Dunedin Consort

Queen’s Hall, Edinburgh

Keith Bruce

five stars

TREVOR Pinnock may be an elder statesman of early music in the UK, but there is something irresistibly boyish about his demeanour when the conductor and harpsichordist hears something that delights him on his concert platform.

For this Easter weekend presentation of Bach’s St Matthew Passion there was plenty for Pinnock to be smilingly youthful about. With the quartets of singers on either side of him and two instrumental ensembles in parallel behind, and a dozen sopranos from Paisley Abbey processing on at the start and end of the first part, there was a visual structure to the evening that invited the capacity audience to enjoy the precision symmetry of the composer’s writing. The clarity of the instrumental playing, from continuo in all its manifestations, through the melodic lines of pairs of flutes and oboes, to the entire ensemble and a beautiful solo turn from violinist Huw Daniel, was superb, and - some slightly wayward intonation in the reeds at the start of the second half apart - consistently impressive.

And what a cast Pinnock had for this revelation of the Gospel, carefully chosen for characterful balance. Hugo Hymas is surely the quintessential Evangelist of our time, and certainly the least mannered of the top singers performing this demanding three hours. His is a natural narrative voice, effortless at the top of his range, while baritone Tomas Kral and bass Matthias Helm brought contrasting expressive dramatic heft to Jesus and the portfolio roles of Pilate, Chief Priest, Peter and Judas.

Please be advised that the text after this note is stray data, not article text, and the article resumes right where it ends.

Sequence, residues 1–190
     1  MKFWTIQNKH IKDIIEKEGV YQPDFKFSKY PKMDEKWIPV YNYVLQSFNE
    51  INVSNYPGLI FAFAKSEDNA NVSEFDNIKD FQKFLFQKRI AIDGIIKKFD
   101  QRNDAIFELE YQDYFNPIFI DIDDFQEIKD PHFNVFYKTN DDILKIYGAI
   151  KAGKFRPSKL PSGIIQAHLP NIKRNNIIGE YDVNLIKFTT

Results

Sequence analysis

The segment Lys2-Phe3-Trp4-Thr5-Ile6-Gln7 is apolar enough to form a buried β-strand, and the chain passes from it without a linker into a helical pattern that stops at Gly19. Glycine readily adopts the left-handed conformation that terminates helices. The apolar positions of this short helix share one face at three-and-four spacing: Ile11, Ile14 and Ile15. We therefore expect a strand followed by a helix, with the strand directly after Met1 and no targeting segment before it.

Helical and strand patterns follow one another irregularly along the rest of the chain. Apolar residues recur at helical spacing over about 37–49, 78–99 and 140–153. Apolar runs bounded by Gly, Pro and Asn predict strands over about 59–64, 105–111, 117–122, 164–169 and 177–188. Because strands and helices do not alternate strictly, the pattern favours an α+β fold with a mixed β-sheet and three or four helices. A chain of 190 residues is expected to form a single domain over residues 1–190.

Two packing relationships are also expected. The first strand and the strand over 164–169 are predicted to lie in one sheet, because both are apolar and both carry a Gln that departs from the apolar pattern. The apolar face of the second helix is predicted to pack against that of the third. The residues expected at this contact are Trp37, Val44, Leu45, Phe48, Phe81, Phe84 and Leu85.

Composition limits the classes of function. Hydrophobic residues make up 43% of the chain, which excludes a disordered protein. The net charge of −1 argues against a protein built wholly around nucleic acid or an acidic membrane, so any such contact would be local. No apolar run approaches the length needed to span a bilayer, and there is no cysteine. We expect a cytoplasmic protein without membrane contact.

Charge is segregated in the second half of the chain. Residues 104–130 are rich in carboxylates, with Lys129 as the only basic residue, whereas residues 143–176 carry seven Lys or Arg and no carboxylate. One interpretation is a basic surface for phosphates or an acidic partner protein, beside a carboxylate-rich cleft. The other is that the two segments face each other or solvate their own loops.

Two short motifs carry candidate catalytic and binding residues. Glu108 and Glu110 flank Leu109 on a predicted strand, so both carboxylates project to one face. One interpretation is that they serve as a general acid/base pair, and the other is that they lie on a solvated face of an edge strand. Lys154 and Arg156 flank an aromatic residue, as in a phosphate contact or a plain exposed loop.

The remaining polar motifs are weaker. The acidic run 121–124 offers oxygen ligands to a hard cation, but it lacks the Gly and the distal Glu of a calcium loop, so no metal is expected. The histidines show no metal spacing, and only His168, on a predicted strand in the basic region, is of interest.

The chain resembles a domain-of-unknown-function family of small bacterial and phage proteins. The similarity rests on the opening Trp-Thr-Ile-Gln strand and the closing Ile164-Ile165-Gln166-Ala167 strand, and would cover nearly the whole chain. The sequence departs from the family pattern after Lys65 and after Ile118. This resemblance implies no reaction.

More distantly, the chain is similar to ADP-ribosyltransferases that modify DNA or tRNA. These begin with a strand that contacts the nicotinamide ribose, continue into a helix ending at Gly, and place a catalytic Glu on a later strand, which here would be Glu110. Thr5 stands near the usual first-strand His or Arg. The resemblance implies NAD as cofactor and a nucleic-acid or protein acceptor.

That balance of different vocal colour was also evident in the pairing of soprano Miriam Allan with Lithuanian Lina Dambrauskaite, whom I don’t recall having heard before. More familiar - from the recent Dunedin recording of Handel’s Samson - was contralto Jess Dandy, who was in glorious form here.

Early in the work she had an aria with flute accompaniment, followed quickly by Dambrauskaite and a variation on the same ingredients, which seemed emblematic of the way the whole performance sequentially unfolded, with Pinnock all over every detail of it. A complete musical delight.